March 2, 2021
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Building a Simple BlackBerry Application Interface

  • By Jeff Langr
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Listing 3: TestListFieldModel.

package com.langrsoft.app;

import java.util.*;
import net.rim.device.api.ui.*;
import net.rim.device.api.ui.component.*;
import com.langrsoft.bbtest.*;
import com.langrsoft.ui.util.*;

public class TestListFieldModel implements ListFieldCallback {
   private Vector tests = new Vector();

   public void drawListRow(
      ListField listField, Graphics graphics, int index,
         int y, int width) {
         MicroTest test = (MicroTest)get(listField, index);
         graphics.setColor(test.passed() ? Color.GREEN :
         graphics.drawText(toString(test), 0, y);

   public Object get(ListField listField, int index) {
      return tests.elementAt(index);

   public int getPreferredWidth(ListField listField) {
      return listField.getWidth();

   private String toString(MicroTest test) {
      return test.name() + " [" + test.className() + "]";

   public int indexOfList(ListField listField, String prefix,
      int start) {
      return listField.getSelectedIndex();

   public void insert(MicroTest test) {
      tests.insertElementAt(test, 0);

Wrapping Up

As part of building this rudimentary user interface for the unit testing framework, I made some minor improvements to the core BBTest code. I also learned that you do not want to code a catch block to trap Throwable instances; otherwise, the BlackBerry generates some odd exceptions. I changed the BBTest code to catch RuntimeException instead. The RIM (Research In Motion, the company that makes the BlackBerry) Javadoc for Throwable discusses the details of this special implementation.

Overall, the very small amount of code I've presented here points out a significant number of interesting BlackBerry development challenges. It took me a good bit of time to search for solutions and otherwise dig out of the pitfalls; hopefully, this information can help you avoid wasting similar time.

The simple BBTest user interface does the job of showing which tests passed and failed. I hope to make this a robust open source unit testing tool for the BlackBerry, so it needs a bit more work. I intend to add some nicer graphics, replace the list with a tree widget, make the font smaller, and introduce a few more usability features to make the test tool more effective.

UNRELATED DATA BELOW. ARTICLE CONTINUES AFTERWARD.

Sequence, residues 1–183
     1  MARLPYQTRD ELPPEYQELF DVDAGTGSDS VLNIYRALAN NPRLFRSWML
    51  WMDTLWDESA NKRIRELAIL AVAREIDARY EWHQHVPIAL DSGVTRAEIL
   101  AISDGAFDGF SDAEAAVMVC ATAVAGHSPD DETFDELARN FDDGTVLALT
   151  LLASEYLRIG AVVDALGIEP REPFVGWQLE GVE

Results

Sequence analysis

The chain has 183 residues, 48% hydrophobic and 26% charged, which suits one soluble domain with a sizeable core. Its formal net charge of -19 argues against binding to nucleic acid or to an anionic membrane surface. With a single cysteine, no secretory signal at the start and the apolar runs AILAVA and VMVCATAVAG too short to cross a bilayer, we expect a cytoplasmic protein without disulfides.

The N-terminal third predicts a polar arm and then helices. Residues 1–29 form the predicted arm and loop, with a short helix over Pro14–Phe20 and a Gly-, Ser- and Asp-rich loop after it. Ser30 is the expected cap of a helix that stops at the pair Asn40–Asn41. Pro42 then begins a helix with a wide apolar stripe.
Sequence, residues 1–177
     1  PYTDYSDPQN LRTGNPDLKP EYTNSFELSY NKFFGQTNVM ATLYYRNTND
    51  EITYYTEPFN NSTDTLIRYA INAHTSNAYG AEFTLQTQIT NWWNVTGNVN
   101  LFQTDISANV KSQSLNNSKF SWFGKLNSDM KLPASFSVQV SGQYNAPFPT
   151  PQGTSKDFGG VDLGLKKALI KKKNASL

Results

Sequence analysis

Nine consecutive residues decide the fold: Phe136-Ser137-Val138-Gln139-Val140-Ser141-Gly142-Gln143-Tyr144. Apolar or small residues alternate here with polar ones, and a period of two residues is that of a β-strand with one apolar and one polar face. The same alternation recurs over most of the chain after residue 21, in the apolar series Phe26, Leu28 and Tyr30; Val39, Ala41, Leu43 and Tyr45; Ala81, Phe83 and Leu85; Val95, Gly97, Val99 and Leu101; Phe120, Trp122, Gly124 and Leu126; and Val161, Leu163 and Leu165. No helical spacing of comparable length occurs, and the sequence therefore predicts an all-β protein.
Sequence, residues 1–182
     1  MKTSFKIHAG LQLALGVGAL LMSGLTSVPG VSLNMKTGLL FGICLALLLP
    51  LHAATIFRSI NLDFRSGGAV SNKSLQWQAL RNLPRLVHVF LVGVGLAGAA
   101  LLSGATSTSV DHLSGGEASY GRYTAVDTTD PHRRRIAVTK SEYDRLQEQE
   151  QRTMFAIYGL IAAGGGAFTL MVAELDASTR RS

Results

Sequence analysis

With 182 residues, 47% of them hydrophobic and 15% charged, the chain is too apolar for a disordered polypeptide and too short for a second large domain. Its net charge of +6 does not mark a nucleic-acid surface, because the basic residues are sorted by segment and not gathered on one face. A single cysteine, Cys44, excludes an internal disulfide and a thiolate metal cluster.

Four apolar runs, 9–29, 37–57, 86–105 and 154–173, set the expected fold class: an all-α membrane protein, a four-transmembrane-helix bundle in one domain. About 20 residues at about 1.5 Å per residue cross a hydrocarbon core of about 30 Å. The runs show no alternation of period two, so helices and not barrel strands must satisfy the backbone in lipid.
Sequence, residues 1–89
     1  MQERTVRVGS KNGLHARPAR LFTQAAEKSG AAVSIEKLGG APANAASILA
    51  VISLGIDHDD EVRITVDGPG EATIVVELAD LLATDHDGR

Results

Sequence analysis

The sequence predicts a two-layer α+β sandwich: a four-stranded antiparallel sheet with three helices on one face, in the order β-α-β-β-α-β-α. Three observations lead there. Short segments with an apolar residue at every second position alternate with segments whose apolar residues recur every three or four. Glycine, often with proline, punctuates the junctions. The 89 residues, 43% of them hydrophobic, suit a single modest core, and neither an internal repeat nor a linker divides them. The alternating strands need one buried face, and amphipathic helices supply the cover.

Coding user interface applications in any environment, BlackBerry included, is a risky proposition: it's always too easy to allow the model, view, and controller code to be highly intermingled, making for an unmaintainable mess. Because I'm a proponent of TDD, I'll be using this current rudimentary BBTest tool to rebuild the testing tool, but in a test-first manner, to help ensure that it ends up with the right design.

Download the Code

You can download the sample code for agent.zip and bbtest.zip here.

About the Author

Jeff Langr is a veteran software developer with over a quarter century of professional software development experience. He's written two books, including Agile Java: Crafting Code With Test-Driven Development (Prentice Hall) in 2005. Jeff has contributed a couple chapters to Uncle Bob Martin's upcoming book, Clean Code. Jeff has written over 80 articles on software development, with over forty appearing at Developer.com. You can learn more about Jeff at his site, http://langrsoft.com, or you can contact him via email at jeff at langrsoft dot com.

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This article was originally published on August 14, 2008

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